Tag: raids

Well Spent 650 million to inconvenience the hell out of us ON THE GROUND

The mother and her two sons are filing a lawsuit.

Family targeted in Sydney’s anti-terrorism raids launches legal action


The mother and her two sons are filing a lawsuit.

The mother and her two sons are filing a lawsuit. Photo: Janie Barrett

Mohamed woke to the sound of his mother screaming.

Men in balaclavas with bright flashlights had bashed the door in at 4.30am and dragged Amatuallah out of bed without giving her a chance to cover herself.

Mohamed, 15, and his brother Omar, 14, were handcuffed while police searched their south-west Sydney home for 12 hours.

“They bought in dogs to smell the place, they bought in metal detectors, they scratched the doors, they dug up the backyard, they looked through all the books and they found nothing,” Mohamed said. “Even if they found one thing, they would have charged us.”

The family of three will launch a civil suit in the NSW Supreme Court this week claiming they were brutally and unfairly targeted during counter-terrorism raids in Sydney last month.

Their home was one of 16 raided by state and federal police before dawn on September 18 but they were not detained or charged and they still have not been told why they were targeted.

The family’s claim of heavy-handedness is one of several arising from the largest-ever counter-terrorism raids, which netted just one suspect.

Mohamed said he wants a police officer who punched his mother to be charged. He claimed his mother tried to stop an officer from ripping her bed sheets off and was assaulted in the process.

“What really burns me from inside was hearing my mum screaming and seeing her in pain and not being able to do anything. I will remember that forever,” he said.

“My mum has covered herself all her life and all of a sudden someone punches her because she didn’t want to expose her body.”

The family have used aliases and concealed their identities to protect themselves from further backlash.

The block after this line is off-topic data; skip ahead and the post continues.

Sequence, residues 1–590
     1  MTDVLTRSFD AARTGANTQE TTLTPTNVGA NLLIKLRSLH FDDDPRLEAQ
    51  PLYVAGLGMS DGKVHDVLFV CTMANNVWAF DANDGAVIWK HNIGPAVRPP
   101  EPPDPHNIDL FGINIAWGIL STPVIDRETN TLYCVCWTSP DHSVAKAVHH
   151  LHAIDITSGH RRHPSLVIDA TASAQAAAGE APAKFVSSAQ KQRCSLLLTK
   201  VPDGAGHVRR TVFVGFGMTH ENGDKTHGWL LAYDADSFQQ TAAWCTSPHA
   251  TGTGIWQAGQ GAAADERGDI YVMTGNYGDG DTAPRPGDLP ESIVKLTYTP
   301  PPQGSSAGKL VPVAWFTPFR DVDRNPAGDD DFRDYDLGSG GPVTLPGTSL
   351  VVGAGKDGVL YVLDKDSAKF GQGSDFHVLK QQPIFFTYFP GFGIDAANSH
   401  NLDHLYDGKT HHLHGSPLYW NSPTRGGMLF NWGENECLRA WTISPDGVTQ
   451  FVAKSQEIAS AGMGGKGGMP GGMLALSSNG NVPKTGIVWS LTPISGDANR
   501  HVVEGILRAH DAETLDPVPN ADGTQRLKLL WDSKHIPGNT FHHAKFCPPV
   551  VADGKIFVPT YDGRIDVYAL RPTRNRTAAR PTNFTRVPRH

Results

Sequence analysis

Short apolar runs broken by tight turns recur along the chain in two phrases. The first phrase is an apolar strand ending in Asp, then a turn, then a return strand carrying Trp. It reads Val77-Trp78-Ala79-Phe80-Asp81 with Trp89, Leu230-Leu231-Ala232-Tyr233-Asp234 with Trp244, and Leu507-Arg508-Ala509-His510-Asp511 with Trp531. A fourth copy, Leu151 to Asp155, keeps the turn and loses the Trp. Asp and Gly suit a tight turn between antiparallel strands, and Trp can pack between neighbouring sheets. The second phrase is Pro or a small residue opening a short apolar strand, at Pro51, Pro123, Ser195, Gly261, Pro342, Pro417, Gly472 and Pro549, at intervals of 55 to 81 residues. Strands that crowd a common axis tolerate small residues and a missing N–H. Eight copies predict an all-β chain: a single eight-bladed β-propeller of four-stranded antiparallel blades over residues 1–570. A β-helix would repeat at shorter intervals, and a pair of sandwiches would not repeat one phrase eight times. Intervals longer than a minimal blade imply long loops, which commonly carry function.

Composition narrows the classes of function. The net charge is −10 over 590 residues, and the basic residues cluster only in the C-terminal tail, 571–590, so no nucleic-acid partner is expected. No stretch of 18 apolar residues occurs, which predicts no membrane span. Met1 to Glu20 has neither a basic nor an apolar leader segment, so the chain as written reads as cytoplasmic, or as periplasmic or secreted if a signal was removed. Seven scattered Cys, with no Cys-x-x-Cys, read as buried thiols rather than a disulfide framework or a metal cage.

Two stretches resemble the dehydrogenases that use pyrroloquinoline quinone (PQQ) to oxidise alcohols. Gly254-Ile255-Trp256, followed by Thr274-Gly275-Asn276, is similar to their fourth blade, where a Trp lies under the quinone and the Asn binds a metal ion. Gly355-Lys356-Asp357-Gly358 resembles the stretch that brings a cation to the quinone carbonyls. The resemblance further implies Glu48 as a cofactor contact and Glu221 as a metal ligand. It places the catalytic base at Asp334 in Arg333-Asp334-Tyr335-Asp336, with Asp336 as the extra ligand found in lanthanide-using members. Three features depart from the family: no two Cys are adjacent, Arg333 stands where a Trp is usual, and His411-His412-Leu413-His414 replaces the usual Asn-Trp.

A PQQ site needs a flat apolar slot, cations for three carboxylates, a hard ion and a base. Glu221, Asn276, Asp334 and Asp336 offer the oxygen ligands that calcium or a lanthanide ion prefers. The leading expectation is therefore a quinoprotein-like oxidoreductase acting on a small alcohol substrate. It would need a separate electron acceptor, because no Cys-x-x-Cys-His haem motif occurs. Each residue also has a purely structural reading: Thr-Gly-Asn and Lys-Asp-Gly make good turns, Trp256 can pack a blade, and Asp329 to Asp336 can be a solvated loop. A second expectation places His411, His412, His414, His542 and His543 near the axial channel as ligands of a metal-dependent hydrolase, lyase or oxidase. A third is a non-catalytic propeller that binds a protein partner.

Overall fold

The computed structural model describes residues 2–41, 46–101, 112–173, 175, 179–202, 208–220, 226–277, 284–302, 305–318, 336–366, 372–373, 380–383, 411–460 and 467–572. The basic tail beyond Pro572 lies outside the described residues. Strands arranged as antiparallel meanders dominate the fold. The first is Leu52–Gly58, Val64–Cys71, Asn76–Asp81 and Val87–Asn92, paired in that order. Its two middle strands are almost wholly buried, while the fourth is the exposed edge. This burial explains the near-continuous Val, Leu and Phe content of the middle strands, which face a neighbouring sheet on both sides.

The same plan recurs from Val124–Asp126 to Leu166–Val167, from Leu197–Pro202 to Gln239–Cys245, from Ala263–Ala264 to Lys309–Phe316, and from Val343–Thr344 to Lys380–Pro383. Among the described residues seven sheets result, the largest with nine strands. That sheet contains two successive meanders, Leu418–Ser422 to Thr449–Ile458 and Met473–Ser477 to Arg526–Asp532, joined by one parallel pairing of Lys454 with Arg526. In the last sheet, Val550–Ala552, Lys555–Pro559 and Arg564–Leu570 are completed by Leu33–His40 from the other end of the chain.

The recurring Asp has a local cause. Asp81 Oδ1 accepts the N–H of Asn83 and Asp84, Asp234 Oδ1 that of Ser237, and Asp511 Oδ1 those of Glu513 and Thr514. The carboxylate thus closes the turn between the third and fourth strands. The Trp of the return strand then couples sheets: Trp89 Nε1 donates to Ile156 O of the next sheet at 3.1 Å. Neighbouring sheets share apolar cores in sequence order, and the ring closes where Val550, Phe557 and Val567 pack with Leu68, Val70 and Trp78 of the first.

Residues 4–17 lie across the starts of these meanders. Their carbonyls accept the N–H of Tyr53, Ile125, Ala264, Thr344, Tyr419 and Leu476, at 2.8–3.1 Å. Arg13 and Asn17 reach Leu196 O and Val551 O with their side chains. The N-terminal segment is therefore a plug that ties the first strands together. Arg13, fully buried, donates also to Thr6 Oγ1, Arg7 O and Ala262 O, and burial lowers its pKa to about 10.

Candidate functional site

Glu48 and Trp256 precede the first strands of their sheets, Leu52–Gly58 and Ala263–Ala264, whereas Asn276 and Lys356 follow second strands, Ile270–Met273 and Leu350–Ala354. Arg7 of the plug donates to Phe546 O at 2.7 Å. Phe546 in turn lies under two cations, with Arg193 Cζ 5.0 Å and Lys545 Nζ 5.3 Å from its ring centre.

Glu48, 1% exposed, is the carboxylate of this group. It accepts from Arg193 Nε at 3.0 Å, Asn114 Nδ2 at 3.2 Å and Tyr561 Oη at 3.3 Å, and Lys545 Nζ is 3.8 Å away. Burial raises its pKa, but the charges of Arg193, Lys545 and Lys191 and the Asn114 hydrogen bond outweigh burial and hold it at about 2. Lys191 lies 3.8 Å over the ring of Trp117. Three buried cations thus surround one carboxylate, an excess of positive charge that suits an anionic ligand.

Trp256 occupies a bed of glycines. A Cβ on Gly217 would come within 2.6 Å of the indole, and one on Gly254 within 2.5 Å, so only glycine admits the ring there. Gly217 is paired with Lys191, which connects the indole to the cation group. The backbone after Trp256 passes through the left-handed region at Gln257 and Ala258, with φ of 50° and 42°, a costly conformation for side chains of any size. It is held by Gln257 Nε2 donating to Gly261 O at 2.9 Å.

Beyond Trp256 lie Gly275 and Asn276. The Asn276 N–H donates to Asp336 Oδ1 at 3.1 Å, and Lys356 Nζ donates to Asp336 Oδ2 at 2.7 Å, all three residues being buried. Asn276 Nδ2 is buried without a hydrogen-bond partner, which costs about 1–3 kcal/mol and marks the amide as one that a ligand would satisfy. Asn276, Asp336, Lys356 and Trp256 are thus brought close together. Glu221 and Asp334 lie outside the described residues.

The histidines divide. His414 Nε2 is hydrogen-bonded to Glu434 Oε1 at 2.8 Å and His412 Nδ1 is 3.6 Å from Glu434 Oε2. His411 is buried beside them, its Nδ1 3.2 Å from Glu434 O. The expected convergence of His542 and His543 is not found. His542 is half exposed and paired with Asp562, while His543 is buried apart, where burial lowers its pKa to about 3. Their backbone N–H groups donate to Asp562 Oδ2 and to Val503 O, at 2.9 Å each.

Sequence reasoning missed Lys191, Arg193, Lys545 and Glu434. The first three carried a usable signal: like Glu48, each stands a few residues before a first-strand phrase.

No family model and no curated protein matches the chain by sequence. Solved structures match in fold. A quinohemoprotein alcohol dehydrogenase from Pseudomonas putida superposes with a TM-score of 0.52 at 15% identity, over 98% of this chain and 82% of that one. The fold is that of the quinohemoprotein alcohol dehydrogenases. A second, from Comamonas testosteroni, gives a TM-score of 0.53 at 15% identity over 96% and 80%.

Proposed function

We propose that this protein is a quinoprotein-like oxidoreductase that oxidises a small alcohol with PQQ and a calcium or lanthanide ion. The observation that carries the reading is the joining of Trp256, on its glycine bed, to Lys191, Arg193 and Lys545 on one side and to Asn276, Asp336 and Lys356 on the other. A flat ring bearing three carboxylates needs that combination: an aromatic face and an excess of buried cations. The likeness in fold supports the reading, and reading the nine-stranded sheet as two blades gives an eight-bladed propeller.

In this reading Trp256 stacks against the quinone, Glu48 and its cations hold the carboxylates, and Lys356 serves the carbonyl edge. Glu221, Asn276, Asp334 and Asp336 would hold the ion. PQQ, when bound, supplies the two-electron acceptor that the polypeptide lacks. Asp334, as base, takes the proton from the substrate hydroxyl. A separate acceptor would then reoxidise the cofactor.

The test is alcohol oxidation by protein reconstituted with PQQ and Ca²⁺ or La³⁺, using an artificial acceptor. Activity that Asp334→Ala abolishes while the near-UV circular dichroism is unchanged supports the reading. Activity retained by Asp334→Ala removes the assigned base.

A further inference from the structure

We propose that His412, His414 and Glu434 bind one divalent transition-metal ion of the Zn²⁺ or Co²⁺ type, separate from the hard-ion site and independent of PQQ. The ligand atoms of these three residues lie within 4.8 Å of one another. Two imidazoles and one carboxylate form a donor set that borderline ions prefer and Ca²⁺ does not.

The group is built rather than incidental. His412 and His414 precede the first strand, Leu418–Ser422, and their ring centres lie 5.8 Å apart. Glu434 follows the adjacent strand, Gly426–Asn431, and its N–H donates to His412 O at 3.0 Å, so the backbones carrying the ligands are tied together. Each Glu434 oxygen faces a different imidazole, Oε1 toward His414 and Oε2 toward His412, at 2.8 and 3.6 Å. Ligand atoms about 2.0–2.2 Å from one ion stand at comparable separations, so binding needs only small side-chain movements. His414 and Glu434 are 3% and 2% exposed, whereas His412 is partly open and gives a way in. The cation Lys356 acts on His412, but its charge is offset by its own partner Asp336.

Mohamed said their neighbours have stopped talking to them and he and his brother are scared to return to school this week because they do not know how students will react.

He is even worried the unwanted attention might affect his job prospects.

Police took away the family’s laptops and mobile phones and Mohamed has not been able to complete holiday assignments before school returns.

“I’m an Australian boy, I was bred here, I’ve lived in this house for 11 years, I don’t know any other country,” he said. “Every time I go to bed I’m afraid that I will wake up at 4.30am with police over my head and handcuffs on my hands.”

Zali Burrows, the family’s lawyer, has enlisted barrister Clive Evatt to launch legal action. A complaint was made to an independent police observer at the raid who told Ms Burrows that an incident report would be provided.

A spokesman for the NSW police, who executed the search warrant, said they were not aware of any formal complaints.

“However if one is received it will be investigated thoroughly,” the spokesman said.

It’s believed Amatuallah’s family were targeted because of loose family links to a man charged with foreign incursion offences, yet they are adamant they are a law-abiding family with no links to terrorism.

Others swept up in the raids have also challenged their inclusion. Marsfield labourer Mustafa Dirani, 21, who was detained then released, said he had never even contemplated religious extremism.

Kawa Alou claims he had his nose broken and Maywand Osman suffered serious bruising on his face.

One man, Omarjan Azari, was charged with conspiring to commit a terrorist act after allegedly speaking via phone to terrorist Mohammed Ali Baryalei, who told him to behead a stranger.

Read more: http://www.smh.com.au/nsw/family-targeted-in-sydneys-antiterrorism-raids-launches-legal-action-20141006-10qrsd.html#ixzz3FPAsP1iv

My name is John Abdul. It must be hard for Sunnis at the moment mate. How can we help?

The fight against Islamic State is a battle for young minds

Governments around the world are trying to come to terms with the fact that their nationals – and young people in particular – are leaving to join extremist groups such as Islamic State.

The battleground against radicalisation is waged in the mind. It is here that persuasive arguments and passionate discussion appeal to the hero inside us to rise up and do something, be someone or make history.Foreign policy often provides a fertile bed of manure in which the seeds of radicalisation can grow.

What is the Australia’s foreign policy on Iraq? Those seeking to radicalise others will be able to summarise it in a single sentence. The more negative the policy is perceived to be, the less human the government or even the Australian people are perceived to be. Abbot is insisting it’s humanitarian. 6 Hornet fighters are hardly gonig to drop aid. 600 SAS troops ,our top killers, to load these fighter planes and train locals hardly seems believeable.